It’s hard to say how many commercial truck crashes are due to driver fatigue, but it’s a lot. One trucking company estimated it at around 70% of all crashes. The crash reports aren’t always clear about the problem, because drivers don’t always admit that fatigue caused them to lose track and crash.

So, a crash report could easily say that a collision was caused by road conditions when it was a fatigued response to the road conditions that was the true cause.

We do know that driving commercial trucks is tiring. It can be boring and even hypnotic. The problem is important enough that federal regulations limit the number of hours drivers can work and mandate certain breaks.

When the driver of an 18-wheeler gets too tired, it can be critically dangerous to themselves and other drivers.

Now, technology is beginning to catch up. Over the past couple of years, companies have rolled out a number of things that could help truckers become aware of the fact that they’re sleepy before that sleepiness causes a crash. For example:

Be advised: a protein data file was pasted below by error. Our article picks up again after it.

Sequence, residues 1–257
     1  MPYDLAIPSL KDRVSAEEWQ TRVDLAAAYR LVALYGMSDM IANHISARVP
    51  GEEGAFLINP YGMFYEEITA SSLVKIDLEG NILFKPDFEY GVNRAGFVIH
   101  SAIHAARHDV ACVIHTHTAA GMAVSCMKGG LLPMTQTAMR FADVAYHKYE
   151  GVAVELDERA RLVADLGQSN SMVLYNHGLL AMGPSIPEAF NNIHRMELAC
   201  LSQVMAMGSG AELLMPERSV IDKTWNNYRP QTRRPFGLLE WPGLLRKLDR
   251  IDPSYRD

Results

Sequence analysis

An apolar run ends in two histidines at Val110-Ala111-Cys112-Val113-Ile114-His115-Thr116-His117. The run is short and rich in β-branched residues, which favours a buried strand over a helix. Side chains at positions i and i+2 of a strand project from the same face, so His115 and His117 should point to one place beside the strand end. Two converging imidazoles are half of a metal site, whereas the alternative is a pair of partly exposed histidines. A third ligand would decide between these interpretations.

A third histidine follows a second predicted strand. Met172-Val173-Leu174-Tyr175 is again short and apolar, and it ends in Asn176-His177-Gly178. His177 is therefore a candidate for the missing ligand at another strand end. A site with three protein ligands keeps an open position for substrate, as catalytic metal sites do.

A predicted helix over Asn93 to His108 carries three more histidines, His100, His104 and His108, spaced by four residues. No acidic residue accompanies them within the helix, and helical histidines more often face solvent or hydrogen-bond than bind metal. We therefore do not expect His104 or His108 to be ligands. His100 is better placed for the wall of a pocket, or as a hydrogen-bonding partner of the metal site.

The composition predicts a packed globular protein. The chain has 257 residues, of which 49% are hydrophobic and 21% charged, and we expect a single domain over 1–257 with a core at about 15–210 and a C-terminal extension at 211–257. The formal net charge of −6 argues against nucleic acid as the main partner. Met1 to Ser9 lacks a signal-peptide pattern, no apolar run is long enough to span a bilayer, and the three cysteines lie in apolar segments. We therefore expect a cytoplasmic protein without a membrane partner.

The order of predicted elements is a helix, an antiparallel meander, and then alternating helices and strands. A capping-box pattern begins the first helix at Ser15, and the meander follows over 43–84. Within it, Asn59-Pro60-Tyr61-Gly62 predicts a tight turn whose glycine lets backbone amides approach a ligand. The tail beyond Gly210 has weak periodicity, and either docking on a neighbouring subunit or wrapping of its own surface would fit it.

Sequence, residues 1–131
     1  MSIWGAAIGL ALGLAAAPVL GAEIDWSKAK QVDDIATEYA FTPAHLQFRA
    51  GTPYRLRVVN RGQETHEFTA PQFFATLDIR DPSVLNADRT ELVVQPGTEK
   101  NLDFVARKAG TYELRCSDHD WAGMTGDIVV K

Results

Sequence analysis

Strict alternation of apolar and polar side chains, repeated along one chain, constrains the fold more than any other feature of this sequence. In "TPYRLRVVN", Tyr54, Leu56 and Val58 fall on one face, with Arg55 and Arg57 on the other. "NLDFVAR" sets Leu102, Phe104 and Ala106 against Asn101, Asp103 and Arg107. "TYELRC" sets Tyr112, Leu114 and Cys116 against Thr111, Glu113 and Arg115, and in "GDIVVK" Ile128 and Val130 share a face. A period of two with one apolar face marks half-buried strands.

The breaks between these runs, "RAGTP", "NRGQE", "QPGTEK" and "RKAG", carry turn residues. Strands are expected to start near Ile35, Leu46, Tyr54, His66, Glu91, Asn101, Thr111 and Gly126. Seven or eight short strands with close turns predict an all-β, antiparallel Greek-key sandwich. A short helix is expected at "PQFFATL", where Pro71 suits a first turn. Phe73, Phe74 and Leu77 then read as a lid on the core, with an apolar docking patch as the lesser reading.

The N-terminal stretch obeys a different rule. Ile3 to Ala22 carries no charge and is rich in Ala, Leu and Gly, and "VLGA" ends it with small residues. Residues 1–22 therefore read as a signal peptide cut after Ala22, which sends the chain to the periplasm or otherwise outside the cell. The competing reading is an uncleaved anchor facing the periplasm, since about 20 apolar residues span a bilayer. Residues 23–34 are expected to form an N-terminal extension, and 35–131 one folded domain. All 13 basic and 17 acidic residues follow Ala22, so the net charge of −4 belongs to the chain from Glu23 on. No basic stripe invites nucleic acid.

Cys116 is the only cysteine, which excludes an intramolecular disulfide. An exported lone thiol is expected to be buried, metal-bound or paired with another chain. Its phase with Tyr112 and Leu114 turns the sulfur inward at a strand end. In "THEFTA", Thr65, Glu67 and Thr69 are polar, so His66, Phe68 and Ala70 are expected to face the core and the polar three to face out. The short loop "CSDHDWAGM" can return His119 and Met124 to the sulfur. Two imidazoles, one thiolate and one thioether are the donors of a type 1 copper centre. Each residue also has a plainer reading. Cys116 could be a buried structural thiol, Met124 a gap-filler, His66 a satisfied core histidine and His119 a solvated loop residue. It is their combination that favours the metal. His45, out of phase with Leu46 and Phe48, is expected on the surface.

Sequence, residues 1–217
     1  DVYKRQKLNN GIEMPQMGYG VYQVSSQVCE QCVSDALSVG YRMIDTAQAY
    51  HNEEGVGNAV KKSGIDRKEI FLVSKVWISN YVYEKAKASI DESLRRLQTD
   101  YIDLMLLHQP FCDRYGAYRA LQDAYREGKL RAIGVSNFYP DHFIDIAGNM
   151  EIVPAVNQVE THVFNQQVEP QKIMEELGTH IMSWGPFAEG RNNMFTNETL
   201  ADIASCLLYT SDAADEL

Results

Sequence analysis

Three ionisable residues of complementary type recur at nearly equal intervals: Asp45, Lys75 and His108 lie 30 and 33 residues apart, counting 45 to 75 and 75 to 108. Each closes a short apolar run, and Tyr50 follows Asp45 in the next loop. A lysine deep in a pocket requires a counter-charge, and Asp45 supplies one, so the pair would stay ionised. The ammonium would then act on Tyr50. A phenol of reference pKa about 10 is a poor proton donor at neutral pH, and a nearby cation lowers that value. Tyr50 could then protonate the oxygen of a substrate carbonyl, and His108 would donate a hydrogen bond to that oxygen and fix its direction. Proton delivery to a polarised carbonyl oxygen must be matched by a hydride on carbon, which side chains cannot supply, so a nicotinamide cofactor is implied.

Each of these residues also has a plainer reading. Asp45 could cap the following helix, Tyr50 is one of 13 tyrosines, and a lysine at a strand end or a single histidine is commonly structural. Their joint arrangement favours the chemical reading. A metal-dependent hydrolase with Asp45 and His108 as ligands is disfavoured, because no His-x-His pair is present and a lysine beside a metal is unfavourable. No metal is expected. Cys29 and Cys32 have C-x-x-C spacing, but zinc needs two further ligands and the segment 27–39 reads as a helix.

Optalert makes glasses that measure how drivers are blinking. When a driver’s eyes stay closed for too long, it could indicate drowsiness, and a dash-mounted device will sound an alarm.

Maven Machines has created a headset that can tell where the driver’s eyes are pointed. It notices when drivers start checking their mirrors less frequently and lets the driver know they may be getting tired. Moreover, it detects bobbing and jerking heads, which could indicate the driver is beginning to fall asleep. It also provides coaching around safe driving.

The SmartCap is a headband that drivers can wear in their caps or other headgear. It measures the driver’s brain waves to detect alertness or fatigue and notifies the driver and a central monitoring system if the driver becomes drowsy.

The Guardian from Seeing Machines is a dash-mounted camera with face- and gaze-tracking algorithms. Essentially, it watches the driver’s eyes and face and sounds an alarm if its safety parameters are not met.

Fatigue Science developed software that analyze sleep data from wearables like the FitBit, including the driver’s quantity and quality of sleep from the night before and sleep debt over time. It then projects when a driver is likely to feel tired. The idea is to give drivers the heads up before they get so tired their eyes are drooping.

These technologies may not serve to address the underlying issues of drowsy driving, but they could help.

If you have been injured by a drowsy truck driver, contact an experienced personal injury attorney for an assessment of your case.

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